program, Stokłosa hoovers the dance space with her friendly vacuum cleaner named
"Vacuum", she takes literally the notion of cleaning the space of its heavy
baggage of history. The next step is to also literally and desperately dive
into it, researching for new possibilities of creation. Finally vacuuming
herself, she sadly surrenders to the physical impossibility, allowing at this
time the spectator to drift away and dive into the void, populating it with
his/her thoughts. Is there no more hope for the young generation of
Mikolaj Mikołajczyk, the so-called enfant terrible of the Polish dance scene, also
deals with history. He decides to come clear with his own past that was crafted
by a long career as soloist with the Wielki Theatre in Poznań.
fiercely starts his solo "Waiting" with a ballet bar. Only after a while, one
is starting to believe that he will probably go through all of it. Mikołajczyk
actually does go through all the exercises – and soon his furious ronds de
jambe, followed by different cambres abundantly watered with sweat, look more
appealing than La La La Human Steps. While his angry pliés make the room
vibrant, the pressure grows higher as he waits for the music to dance the
adage. The real-time events that happen on stage drag behind them hours of
preparation, of craft, training and waiting. A ritual head shaving, the traces
of sweat and hair on the floor mark the blurry border between art and life.
Nevertheless let's not forget that we still are in a theatre. A brand new
Stary Browar Art Center – a place for chance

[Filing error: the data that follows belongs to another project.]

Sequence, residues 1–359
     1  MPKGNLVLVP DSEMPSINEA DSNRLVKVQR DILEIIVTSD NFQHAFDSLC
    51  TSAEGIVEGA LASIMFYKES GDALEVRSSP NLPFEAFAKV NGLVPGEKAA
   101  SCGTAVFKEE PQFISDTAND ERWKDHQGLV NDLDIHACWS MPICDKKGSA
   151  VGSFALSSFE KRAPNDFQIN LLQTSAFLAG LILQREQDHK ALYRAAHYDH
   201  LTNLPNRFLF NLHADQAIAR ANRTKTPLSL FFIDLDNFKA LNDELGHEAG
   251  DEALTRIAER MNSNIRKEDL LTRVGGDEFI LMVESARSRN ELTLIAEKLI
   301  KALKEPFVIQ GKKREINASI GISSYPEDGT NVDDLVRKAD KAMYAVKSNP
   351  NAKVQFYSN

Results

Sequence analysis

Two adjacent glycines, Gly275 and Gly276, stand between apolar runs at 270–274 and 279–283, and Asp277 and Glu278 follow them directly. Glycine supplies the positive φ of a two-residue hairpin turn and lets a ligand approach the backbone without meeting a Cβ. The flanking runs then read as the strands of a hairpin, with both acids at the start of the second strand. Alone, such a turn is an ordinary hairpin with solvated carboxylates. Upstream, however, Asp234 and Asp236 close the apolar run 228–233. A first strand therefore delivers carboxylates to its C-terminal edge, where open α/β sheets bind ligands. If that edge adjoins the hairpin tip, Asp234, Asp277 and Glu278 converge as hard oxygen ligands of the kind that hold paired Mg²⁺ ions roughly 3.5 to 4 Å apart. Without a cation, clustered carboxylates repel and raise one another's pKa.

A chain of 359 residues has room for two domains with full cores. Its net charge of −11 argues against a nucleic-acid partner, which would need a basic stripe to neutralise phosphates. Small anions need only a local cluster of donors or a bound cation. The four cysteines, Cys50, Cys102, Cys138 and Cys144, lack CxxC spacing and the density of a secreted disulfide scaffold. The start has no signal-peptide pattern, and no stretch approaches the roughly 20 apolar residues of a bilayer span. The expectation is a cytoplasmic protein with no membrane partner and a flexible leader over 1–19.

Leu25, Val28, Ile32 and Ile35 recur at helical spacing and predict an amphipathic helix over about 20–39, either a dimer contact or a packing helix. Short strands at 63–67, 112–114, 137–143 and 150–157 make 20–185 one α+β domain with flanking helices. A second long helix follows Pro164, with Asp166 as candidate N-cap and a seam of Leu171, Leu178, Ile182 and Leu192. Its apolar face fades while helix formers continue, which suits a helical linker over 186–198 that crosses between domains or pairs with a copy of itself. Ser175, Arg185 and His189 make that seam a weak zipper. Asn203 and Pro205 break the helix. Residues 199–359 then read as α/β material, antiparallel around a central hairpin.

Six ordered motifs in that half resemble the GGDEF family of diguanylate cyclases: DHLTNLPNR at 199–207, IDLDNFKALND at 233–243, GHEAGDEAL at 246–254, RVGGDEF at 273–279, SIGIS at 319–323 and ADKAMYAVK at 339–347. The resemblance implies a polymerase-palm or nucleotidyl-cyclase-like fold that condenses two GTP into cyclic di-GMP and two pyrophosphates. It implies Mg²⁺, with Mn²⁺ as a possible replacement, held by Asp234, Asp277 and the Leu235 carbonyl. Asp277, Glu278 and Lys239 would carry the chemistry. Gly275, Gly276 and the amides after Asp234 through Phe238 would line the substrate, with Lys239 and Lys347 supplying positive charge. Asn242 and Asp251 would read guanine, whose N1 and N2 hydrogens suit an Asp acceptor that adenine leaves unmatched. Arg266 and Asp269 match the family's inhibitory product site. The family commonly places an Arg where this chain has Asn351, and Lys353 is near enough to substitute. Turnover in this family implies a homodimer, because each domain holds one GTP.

The first edition of a Polish dance
platform was organized in 2003 in Warsaw. The event called taniec.pl was part
of the International Contemporary Dance Festival Body_Mind regularly curated by
Edyta Kozak. Still, it took five years and the appearance of a new dance center - Stary Browar - to bring the platform back to life.
Led by a dynamic young crew, the Stary
Browar Art Center together with the Cultural Center Stary Zamek host 14
performances, several discussion panels and video projections, all in the
framework of the Polish Dance Platform. The Performative Arts Program Coordinator
and head of the Stary Browar dance programme called Old Brewery – New Dance,
Joanna Leśnierowska congratulates herself for having received 60 applications
for the platform, which seems really impressive in a country with hardly any
institutionalized education in contemporary dance.
Her dream is "to finally jump onto the train of European contemporary dance and stop
running after it"[ii].
Therefore, over the period of the last four
years Stary Browar not only has invited the contemporary dance classics (Yvonne
Rainer, Jerôme Bel etc.) together with some younger names (Alice Chauchat, Alix
Eynaudi etc.). It also organizes many events inspired by western propositions